“When the pain (of loss) gets too hard I smoke some pot; it helps and doesn’t give me the aftereffects of that harder crap”. These words came out of the mouth of the young woman in last week’s article. Her state of mind at that moment was one of humiliating loss and rejection which is usually the time that she craves more dope; it deadens the hurt inside of her.
Although I will probably get a bit of objection to my statements, the fact remains; marijuana is a mind altering and harmful drug and can be a gateway to harder drugs. My reasoning is based on having heard hundreds of statements from users who will make claims of the benefits. Trouble is, the majority of the benefits are mental; there are some who would benefit physically from it for sure, but by and large, most use it to get high or just to ‘feel better’ as in the case of young Penny. It is like the claims made for cigarettes as a relaxant.
There is absolutely no scientific verification in either case, but Facebook stories and the like rule the day. Some may be true, but many made up testimonials lend to the acceptance of this drug. Here in lies the problem. I liken the acceptance of marijuana to the frog’s acceptance of the temperature increasing pot of water that he is in. Dumb!
I am not referring to the occasional user, but one who likes the ‘buzz’ so much that it becomes a habit. Even one time is enough to give a feeling of well-being, enough so that the acceptance of more and more, grows, weakening the resistance to an addiction. Dumber!
In all likelihood you would have heard the commercials claiming the prevention of serious heart failure if the person takes Low-dose Aspirin. For some with a history of heart problems it is probably true, but now I speak to many folks my age who take it just because of the commercials. In speaking to my doctor about it, his statement was, “if it eases your mind, go ahead, it won’t hurt you”. Now I’m not so sure.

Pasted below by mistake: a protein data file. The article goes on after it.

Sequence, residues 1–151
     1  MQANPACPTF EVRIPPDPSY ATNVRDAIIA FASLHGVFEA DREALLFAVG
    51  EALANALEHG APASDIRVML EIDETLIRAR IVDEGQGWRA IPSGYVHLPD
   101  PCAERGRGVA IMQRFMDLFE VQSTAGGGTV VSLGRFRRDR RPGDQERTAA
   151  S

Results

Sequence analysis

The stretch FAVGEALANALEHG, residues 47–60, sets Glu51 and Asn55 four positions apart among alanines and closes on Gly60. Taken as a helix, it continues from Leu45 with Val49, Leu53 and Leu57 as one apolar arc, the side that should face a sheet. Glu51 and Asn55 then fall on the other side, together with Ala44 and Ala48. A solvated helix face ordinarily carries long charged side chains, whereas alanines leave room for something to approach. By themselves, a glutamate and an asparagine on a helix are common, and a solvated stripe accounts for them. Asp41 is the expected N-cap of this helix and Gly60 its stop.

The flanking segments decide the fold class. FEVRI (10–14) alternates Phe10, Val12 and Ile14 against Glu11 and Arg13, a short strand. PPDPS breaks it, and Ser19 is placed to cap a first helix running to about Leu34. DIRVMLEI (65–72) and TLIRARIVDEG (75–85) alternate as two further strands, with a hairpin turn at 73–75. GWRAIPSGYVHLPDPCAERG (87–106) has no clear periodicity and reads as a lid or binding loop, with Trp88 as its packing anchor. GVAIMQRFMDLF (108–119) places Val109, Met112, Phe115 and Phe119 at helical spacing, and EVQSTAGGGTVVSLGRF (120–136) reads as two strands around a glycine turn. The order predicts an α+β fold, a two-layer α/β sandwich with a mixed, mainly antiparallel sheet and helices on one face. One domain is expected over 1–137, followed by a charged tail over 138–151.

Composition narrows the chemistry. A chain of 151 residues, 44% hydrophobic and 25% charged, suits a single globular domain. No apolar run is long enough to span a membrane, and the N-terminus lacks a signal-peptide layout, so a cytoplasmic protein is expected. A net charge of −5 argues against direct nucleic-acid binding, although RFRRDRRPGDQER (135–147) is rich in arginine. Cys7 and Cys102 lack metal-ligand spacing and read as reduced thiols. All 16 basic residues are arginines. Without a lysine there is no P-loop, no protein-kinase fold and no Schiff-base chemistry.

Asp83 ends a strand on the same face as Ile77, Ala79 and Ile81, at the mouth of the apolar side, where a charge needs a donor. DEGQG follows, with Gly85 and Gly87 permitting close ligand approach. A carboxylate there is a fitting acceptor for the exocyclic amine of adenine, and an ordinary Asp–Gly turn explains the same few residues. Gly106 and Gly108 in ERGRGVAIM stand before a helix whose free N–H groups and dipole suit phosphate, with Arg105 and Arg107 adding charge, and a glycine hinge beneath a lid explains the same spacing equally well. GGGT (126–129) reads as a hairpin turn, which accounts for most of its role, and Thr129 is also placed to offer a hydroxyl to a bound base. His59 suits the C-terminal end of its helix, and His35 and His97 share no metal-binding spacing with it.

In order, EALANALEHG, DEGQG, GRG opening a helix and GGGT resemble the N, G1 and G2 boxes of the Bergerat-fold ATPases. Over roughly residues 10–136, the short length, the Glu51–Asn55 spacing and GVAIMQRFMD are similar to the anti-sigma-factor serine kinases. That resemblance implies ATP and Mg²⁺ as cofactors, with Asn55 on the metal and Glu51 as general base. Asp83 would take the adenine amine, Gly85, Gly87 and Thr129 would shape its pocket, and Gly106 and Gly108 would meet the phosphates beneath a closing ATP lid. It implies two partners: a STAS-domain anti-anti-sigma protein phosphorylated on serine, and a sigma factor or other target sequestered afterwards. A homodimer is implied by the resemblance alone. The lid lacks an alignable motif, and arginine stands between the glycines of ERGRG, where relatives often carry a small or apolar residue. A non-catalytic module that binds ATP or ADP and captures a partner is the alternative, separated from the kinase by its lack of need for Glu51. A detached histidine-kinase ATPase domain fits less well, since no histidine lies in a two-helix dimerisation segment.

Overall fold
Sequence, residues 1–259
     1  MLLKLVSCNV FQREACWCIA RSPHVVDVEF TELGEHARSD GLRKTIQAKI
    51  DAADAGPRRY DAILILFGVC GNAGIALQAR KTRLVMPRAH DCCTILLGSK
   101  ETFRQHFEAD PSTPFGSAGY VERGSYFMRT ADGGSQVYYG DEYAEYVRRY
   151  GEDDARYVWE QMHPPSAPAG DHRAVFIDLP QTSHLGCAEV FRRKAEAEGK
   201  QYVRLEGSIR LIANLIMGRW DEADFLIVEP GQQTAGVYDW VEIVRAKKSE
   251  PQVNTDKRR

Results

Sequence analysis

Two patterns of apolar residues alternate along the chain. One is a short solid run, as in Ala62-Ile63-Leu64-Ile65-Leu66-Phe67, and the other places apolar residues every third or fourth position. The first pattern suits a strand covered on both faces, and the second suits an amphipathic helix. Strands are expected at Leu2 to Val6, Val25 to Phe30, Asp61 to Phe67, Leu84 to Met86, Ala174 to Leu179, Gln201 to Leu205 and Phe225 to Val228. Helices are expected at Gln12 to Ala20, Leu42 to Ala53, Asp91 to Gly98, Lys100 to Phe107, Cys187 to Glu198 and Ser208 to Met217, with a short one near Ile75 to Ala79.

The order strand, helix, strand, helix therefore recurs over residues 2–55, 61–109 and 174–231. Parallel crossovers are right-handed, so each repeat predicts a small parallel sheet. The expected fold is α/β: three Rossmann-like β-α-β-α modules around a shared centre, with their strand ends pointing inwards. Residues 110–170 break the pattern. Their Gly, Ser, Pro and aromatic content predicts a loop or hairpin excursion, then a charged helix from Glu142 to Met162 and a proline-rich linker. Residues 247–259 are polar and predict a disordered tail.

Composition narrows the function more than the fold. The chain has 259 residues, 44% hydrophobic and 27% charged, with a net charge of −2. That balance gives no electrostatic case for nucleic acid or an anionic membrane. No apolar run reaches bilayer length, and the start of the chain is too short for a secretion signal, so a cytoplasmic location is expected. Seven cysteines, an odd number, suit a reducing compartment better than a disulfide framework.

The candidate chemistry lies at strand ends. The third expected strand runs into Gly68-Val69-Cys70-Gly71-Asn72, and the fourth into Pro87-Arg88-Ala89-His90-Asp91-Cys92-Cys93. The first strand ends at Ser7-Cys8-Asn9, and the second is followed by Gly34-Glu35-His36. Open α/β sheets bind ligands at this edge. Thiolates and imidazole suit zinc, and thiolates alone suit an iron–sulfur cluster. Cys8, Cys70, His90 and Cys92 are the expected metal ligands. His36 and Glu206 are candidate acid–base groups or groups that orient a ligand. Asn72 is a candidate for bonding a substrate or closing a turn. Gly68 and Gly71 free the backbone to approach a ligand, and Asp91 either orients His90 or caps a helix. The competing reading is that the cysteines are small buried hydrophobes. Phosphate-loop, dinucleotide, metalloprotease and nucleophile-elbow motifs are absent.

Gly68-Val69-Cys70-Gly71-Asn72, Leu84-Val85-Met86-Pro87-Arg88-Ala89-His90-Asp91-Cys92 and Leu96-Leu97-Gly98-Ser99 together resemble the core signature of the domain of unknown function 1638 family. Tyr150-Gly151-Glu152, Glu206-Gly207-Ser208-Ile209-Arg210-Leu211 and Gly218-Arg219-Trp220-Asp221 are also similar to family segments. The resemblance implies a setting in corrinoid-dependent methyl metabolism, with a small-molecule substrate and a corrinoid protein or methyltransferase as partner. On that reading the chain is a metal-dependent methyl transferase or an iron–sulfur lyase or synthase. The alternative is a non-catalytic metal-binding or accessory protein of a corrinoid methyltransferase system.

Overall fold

I’m not exaggerating when I say that life at times is very difficult. That is just a fact of life. To face the difficulties in life with a clear mind is also at times quite hard, but the use of drugs whether prescribed, (sometimes needed), street purchased or given by a ‘generous benefactor’, is a cop-out pure and simple. If what I have learned through reading and studying that perseverance and hardship builds strength and character, then what does a cop-out build?
It seems at times, that prescribed opioids have created as many addicts as the street has. Our modern culture and propensity to ease each and every little pain or problem with drugs has seemingly turned our entire country into a culture of addicts. How did people survive or even live before drugs were invented? Problem is, I have to include myself in that mess; I don’t want to live with pain either.
Someone commented on my articles one day during a meal at the kitchen, “You always identify the problem and explain it, but very seldom offer a solution.” I thought about that and realized that the solutions that I could offer, no one wants to hear because of their resistance to it. My view is that we do not want to let anyone else have control or influence in our lives, so very few solutions are possible.
But no solution is possible if at first we don’t as an entire country recognise our dependency on drugs; legal though they may be. This is where the rubber hits the road! Think about it.
Chris Salomons is the kitchen coordinator at Potter’s Hands in Red Deer.